I am gathering up my clothes to pack for my trip to the state fair. I would probably want to change my outfit each day so I counted 13 days means 13 tops with slacks to match.
I’ll need clothes for hot days or cool days, maybe sunny or rainy days too. I remember many years at the fair I needed clothes for all types of weather, a jacket when it actually turned cold after dark, a rain slip on and umbrella when it rained. Sometimes it was smart to stay inside and just plan to wait because we know Kansas weather can change.
Maybe I’ll need a more dressy top when a special program is on schedule such as the Master Farmer Master Farm, Homemaker Day and I’ll need red,white and blue on Sept. 11. Many years, I have taken more clothes then I needed, so I’m trying to take less.
All the talk about clothes has brought up memories. When I grew up I had to change my clothes when I came home. I put on my everyday clothes and hung up what I’d worn to school or church.
Everyday clothes were older things that were stained, needed repair, nearly worn out and were perfect to do outside chores on the farm or housework inside.
I still do that, a habit I grew up with and taught my family to do the same.
I was a first-born in the family. I didn’t have the chance to wear “hand-me-downs.”
After Jim’s brother married I was so pleased to get hand-me-downs from my sister-in-law. She believed in getting new outfits each year as the season changed since she worked at a bank and wanted to be attractive and in style, until I gained weight and she didn’t.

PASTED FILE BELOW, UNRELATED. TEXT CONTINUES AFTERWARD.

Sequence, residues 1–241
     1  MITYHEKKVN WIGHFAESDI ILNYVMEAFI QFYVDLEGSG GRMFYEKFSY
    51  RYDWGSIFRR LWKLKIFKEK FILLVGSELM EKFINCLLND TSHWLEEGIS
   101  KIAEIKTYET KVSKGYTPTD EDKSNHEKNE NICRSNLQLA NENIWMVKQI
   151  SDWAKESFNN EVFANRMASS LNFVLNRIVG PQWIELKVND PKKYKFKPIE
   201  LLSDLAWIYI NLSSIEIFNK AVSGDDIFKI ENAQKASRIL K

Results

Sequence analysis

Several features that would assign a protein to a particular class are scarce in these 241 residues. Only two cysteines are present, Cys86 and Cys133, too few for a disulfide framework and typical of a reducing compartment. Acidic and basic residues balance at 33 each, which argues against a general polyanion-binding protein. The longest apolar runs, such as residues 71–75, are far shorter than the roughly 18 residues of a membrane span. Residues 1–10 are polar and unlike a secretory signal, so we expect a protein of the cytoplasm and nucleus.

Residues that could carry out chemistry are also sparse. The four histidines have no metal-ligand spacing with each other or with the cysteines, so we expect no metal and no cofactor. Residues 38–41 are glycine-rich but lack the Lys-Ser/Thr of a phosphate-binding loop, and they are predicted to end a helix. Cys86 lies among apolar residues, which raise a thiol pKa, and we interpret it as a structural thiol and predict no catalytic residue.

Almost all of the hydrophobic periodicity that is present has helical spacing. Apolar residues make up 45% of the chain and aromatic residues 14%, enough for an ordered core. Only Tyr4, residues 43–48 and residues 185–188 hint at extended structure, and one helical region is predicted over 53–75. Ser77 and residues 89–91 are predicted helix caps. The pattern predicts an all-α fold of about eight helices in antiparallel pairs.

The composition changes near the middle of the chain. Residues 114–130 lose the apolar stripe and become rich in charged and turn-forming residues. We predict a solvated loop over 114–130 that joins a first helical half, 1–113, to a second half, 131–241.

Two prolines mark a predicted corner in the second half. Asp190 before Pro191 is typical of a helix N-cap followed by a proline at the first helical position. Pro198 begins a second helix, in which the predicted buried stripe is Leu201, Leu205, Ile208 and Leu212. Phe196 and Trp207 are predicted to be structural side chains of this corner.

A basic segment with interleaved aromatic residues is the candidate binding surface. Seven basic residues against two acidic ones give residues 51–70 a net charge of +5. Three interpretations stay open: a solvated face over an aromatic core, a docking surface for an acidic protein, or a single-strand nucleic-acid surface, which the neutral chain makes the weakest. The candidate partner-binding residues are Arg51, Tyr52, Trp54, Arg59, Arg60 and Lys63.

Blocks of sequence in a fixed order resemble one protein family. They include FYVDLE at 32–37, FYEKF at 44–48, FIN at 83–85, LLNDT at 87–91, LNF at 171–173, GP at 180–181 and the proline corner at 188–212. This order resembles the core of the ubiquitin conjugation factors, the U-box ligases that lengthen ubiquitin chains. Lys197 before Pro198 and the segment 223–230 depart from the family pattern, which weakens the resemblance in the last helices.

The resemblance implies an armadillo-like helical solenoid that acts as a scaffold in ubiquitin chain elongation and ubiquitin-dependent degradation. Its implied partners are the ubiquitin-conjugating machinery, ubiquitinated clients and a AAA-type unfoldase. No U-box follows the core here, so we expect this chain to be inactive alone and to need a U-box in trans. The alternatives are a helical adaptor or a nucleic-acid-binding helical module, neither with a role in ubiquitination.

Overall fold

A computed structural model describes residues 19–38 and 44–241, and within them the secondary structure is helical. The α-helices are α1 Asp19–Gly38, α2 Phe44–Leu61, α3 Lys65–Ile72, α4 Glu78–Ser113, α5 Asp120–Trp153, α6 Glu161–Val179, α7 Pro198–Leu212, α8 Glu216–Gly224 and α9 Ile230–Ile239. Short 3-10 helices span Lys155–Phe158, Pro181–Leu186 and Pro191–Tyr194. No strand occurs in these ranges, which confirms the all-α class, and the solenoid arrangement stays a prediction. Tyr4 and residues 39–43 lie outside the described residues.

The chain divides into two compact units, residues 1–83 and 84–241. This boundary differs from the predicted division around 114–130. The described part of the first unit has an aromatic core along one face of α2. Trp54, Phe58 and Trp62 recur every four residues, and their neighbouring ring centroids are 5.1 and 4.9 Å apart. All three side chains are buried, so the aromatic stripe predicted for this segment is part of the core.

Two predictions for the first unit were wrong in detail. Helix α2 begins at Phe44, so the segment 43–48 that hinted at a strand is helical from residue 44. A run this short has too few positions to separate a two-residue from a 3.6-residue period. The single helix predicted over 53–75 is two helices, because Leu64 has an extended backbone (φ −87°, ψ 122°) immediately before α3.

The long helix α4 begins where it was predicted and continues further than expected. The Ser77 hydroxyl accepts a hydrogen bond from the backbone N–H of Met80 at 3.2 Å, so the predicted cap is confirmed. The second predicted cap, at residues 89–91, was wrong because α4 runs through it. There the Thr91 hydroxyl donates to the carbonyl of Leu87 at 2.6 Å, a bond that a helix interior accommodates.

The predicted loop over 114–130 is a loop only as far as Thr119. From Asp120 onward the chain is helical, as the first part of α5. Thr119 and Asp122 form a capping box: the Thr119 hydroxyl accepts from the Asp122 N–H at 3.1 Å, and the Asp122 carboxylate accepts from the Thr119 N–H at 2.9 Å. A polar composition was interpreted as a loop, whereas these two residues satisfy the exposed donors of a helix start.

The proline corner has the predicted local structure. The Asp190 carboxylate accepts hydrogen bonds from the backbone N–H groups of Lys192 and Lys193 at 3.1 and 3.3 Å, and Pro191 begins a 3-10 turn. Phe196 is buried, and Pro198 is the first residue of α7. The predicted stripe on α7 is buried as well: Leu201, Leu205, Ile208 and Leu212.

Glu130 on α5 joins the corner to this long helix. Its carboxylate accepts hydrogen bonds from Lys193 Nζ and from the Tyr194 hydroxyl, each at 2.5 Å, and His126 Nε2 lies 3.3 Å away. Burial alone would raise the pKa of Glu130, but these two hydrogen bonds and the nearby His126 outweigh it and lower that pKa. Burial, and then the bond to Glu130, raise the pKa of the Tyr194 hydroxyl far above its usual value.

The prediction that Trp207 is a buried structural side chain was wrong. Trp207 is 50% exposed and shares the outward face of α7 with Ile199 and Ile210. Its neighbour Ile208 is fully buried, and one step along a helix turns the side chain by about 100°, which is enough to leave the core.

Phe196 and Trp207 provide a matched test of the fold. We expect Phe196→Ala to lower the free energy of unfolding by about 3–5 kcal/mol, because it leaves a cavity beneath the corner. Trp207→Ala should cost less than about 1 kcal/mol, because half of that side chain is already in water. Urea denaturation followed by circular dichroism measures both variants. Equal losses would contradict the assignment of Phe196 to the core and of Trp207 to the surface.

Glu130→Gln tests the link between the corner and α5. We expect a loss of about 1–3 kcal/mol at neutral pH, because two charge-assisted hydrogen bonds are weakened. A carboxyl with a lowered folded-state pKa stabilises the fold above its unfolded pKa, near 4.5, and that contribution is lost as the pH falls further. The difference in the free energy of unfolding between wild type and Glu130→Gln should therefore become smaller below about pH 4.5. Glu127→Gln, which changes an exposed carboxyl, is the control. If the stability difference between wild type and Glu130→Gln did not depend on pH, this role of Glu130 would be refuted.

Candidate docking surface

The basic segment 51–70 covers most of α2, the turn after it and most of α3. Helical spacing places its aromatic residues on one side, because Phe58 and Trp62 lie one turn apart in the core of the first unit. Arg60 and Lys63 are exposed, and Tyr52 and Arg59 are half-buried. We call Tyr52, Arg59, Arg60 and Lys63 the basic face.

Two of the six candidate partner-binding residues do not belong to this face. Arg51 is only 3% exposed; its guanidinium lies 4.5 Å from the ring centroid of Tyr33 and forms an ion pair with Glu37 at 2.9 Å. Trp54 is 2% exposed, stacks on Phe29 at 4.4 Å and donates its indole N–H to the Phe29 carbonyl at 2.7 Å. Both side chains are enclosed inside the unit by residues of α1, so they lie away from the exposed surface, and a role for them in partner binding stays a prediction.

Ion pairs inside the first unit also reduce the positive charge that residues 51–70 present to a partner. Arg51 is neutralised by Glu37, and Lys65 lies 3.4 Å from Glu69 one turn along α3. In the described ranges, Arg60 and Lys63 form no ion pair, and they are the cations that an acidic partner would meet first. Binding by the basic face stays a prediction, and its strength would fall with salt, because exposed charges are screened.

I didn’t make clothes for myself very often but I did make things for my family. The Singer sewing machine I was so proud of was the first thing we bought after marriage. I mended many rips and tears and patched lots of jeans and overalls.
My youngest brother passed his Sunday best down to my son. He wore these good things in the 4-H style show.
My uncle owned a ladies clothing store and to please my dad, Mom made sure she brought my Easter dress there each year. I don’t really remember how any dress except the pink frilly dress I hated but I had to wear it each Sunday to church with my black patent leather shoes of which I was very proud.
Nowadays it is difficult. We don’t have to spend hours at the ironing board taking the sprinkled clothes out of the freezer to iron. We ironed all shirts, blouses, hankerchiefs, pillow cases and more.
It is no longer embarrassing to shop at a thrift shop and it’s even OK to have holes in your jeans. I’m not sure I like those holy jeans as my granddaughters call them. I’m sure my mother wouldn’t believe it was in style.
Another memory, we girls couldn’t wear slacks or jeans to school. I know I was in junior high school before I was allowed to wear long pants to school. In the cold months long stockings kept our legs warm. Now I don’t wear skirts or dresses at all. My how time has changed.
Now back to getting my suitcase packed is an important job actually. I’m glad T-shirts are in style and even nicer tops don’t have to be ironed. Gotta get things that are color coordinated and wear shirts with 4-H message.
I’m thankful for the things I have to wear and am looking forward to dressing up each day at my 4-H encampment building job. I will enjoy seeing friends I’ve made over the years and all the wonderful people I work with.
If you can make it to the state fair maybe I’ll see you there. The fair is Sept. 7 to 16 in Hutchinson.
Opal Flinn is a frequent contributor to The Hays Daily News